However, anyone who eats a poor diet — an excess of processed foods and not enough fresh, whole foods — is potentially at risk of inadequate potassium levels.

 

All of that said, if you have severe kidney impairment, you typically need to restrict your intake of high-potassium foods.14 Why? Because your kidneys are responsible for maintaining the proper amount of potassium in your body, and when they’re not working well, your levels could become excessively elevated.

 

Potassium helps maintain a regular heart rhythm and plays a role in muscle function, and when your potassium level gets too high, it can lead to irregular heartbeat and/or a heart attack.

 

Recommended Potassium Intake Varies Depending on the Health of Your Kidneys

If your kidneys are working well, the recommended amount of potassium is about 4,700 mg per day,15 which also needs to be balanced with sodium. As a general rule, your potassium to sodium ratio should be around 5:1. The easiest way to achieve this ratio is to eat REAL food (lots of fresh vegetables), ideally organically and locally grown to ensure optimal nutrient content.

 

This type of whole food diet will naturally provide much larger amounts of potassium in relation to sodium, whereas a processed food diet is virtually guaranteed to provide you with an upside-down ratio. Juicing your vegetables is a good way to ensure you’re getting enough potassium.

 

If you have kidney disease, you need to pay careful attention to your potassium level and dietary intake. Most who are being treated for kidney disease will monitor their potassium level by measuring it monthly, and potassium- restricted diets typically recommend keeping potassium intake to about 2,000 mg per day.

 

Kidney-Friendly Superfoods

Besides monitoring your protein and sugar/fructose intake and drinking plenty of water, adding the following foods to your diet can also help promote optimal kidney function.16,17,18,19,20

 

Red bell peppers: low in potassium, rich in vitamins A, B6, C, folic acid and fiber

 

Cherries: rich in antioxidants and phytochemicals

 

Cabbage: low in potassium, rich in vitamins C and K, and fiber, and phytochemicals that protect against free radical damage

 

Red and purple grapes: rich in antioxidants; the skin is particularly rich in resveratrol

 

Cauliflower: high in vitamin C, folate and fiber

 

Watermelon: rich in water, with diuretic properties, allowing you to produce more urine to flush out toxins

 

Garlic: antioxidant, anti-inflammatory, and anti-clotting properties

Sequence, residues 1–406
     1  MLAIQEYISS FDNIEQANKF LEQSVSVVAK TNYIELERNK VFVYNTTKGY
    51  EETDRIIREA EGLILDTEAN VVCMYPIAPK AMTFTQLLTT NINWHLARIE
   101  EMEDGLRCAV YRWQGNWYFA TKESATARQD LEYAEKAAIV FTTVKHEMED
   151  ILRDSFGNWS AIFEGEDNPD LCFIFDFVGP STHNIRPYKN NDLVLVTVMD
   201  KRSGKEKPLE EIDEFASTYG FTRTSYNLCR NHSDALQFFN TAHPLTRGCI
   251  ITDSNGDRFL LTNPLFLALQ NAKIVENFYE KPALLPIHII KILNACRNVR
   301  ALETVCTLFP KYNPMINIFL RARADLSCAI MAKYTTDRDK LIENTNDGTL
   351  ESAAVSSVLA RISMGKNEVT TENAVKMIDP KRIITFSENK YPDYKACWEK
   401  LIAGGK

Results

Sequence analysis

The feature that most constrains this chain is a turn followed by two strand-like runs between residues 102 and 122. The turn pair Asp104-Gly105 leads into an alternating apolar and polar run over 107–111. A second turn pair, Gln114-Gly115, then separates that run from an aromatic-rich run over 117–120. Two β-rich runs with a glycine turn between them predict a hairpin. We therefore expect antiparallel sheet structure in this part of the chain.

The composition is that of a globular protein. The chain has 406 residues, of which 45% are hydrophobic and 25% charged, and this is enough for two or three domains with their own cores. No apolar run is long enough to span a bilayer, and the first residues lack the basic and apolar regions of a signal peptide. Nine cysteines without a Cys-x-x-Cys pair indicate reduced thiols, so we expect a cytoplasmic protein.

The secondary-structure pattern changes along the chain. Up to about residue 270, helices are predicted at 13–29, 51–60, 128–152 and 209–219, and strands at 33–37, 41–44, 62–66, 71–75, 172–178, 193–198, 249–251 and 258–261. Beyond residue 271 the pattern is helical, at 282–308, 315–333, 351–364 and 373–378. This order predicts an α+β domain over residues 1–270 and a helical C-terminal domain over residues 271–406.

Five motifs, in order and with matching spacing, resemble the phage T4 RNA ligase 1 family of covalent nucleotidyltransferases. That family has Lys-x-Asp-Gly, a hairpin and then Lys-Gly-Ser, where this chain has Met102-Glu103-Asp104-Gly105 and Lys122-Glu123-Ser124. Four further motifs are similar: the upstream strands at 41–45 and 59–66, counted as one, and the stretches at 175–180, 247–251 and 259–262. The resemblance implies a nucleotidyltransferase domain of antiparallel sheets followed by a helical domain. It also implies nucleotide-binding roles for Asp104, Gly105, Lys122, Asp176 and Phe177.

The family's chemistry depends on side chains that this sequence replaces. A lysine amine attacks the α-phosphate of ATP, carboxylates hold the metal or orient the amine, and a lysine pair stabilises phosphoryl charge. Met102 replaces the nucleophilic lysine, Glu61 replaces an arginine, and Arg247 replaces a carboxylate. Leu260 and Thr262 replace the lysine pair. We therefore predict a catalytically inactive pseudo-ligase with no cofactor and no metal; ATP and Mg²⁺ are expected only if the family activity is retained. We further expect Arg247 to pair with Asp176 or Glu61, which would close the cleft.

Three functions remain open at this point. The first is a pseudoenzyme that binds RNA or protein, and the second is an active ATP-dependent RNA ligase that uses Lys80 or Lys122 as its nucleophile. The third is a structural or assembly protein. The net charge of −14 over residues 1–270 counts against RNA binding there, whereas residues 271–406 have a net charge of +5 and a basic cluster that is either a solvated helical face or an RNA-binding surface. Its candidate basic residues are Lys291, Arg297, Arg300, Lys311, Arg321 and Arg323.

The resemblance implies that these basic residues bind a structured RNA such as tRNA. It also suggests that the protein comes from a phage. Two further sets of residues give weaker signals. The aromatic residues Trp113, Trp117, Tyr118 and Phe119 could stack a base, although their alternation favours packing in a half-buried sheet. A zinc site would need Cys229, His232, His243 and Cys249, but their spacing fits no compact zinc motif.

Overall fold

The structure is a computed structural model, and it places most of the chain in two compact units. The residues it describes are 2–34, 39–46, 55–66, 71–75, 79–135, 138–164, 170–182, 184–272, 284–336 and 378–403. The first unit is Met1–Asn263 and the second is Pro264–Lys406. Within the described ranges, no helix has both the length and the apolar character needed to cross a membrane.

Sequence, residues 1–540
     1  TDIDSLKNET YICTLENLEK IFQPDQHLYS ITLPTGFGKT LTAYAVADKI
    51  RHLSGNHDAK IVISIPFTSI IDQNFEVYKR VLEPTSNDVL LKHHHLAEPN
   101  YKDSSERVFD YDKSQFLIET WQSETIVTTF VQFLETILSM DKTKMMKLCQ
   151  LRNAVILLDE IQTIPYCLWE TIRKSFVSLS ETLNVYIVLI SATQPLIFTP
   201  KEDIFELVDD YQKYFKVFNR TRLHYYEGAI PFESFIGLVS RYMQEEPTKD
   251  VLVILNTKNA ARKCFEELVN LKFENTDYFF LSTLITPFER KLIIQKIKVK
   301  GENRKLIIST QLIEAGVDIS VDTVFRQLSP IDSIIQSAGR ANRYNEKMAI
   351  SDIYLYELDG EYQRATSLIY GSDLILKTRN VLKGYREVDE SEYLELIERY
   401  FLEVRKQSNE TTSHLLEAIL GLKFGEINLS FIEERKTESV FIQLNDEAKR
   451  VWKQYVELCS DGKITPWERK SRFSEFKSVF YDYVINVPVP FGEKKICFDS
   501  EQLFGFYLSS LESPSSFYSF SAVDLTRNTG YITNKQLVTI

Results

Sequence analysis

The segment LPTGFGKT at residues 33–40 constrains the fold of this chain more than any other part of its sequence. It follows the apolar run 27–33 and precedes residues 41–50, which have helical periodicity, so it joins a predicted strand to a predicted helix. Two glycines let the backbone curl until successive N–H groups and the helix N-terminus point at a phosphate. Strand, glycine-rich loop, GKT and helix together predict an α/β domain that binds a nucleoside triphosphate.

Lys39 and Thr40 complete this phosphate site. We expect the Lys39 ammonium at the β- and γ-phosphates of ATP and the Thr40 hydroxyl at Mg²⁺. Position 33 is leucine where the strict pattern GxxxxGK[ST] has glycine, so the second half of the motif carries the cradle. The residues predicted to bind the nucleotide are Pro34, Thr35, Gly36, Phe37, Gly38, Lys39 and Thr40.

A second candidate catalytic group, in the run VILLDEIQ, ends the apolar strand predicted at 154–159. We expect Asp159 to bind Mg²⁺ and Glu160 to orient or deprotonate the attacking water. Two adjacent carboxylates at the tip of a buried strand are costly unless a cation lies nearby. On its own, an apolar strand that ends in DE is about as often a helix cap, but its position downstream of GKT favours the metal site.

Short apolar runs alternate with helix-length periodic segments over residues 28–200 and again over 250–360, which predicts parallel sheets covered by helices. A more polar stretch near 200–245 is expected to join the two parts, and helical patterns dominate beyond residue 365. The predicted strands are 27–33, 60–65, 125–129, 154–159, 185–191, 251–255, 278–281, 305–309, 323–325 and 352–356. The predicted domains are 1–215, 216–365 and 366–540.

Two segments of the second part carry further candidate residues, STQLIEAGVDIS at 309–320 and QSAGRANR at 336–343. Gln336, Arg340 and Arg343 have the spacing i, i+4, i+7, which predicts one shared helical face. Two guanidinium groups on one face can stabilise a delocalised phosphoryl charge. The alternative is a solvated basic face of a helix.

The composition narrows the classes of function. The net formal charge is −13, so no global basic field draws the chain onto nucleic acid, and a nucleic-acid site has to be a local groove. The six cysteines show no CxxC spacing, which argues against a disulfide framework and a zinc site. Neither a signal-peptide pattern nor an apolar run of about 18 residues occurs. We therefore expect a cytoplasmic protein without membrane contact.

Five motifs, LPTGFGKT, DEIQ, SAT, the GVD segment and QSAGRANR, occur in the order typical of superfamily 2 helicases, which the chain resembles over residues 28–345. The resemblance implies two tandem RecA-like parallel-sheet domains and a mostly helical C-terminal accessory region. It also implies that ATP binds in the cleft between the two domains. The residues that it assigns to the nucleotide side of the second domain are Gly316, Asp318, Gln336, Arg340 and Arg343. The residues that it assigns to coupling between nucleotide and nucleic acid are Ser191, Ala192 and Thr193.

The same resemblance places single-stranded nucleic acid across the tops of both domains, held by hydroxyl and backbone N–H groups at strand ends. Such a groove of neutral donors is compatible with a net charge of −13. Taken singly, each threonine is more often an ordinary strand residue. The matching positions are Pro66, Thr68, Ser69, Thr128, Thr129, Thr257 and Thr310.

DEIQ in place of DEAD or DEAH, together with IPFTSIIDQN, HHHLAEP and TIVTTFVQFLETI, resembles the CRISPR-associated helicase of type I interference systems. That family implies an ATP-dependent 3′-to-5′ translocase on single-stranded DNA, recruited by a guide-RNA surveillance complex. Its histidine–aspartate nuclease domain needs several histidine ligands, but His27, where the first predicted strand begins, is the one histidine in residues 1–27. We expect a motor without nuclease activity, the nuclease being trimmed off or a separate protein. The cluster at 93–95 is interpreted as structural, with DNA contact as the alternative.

Lemon juice: helps reduce kidney stone formation

 

Onion: low in potassium, rich in antioxidants, particularly quercetin, which has natural antihistamine properties

 

Pumpkin seeds: rich in antioxidants, vitamins and minerals, especially magnesium, which helps reduce the risk of kidney stones

 

Apples: high in fiber, antioxidants, and anti- inflammatory compounds. Raw organic apple cider vinegar is helpful for the prevention of kidney stones

 

Kale: lower in potassium, good source of vitamins A and C, rich in iron — the latter of which is important for kidney health. Many with kidney disease are also iron deficient21

 

Berries,22 including blueberries, raspberries, and strawberries

 

Sweet potatoes: rich in beta-carotene, vitamins A and C, and fiber, and a good source of B6 and potassium

 

Herbal Kidney Cleansers

A number of herbs also have kidney-cleansing properties, including the following:

 

Ginger: purifies the blood and kidneys of toxins

 

Red clover: diuretic that stimulates waste removal from the kidneys

 

Turmeric: has antiseptic and anti-inflammatory properties that help prevent and treat kidney infections and inflammation

 

Chanca Piedra: Used in South America to break up kidney stones (its Spanish name actually means “stone breaker”)

 

Dandelion: a natural diuretic that helps strengthen the kidneys and soothe urinary tract problems

 

Hydrangea root: Native American remedy for kidney stones

 

Nettle: natural diuretic that helps purify blood and treat urinary tract infections; also high in iron, making it beneficial for building blood

 

Uva ursi root: helps treat urinary and bladder problems

 

Marshmallow root: natural diuretic that helps treat urinary tract infections, kidney stones, and bladder infections

 

Gravel root (Joe-Pye weed): Indian remedy for urinary tract and kidney health

 

Juniper: improves kidney function and helps treat urinary tract infections and kidney and/or bladder stones.

 

Avoid juniper berry if you have a kidney infection and/or are pregnant. Also don’t take continuously for more than four weeks

 

Goldenrod root: Native American remedy traditionally used to support urinary tract and kidney health

 

Yarrow root: a natural diuretic with antiseptic and anti-inflammatory properties; helpful for urinary tract infections

 

 

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The Big Bad Flu Data – What You Need to Know About Vaccine Effectiveness and Alternatives

 

Doctor Blows Whistle on Flu ShotDoctor Blows Whistle on Flu Shot: ‘It’s Designed to Spread Cancer

 

The Big Bad Flu Data

What You Need to Know About Vaccine Effectiveness and Alternatives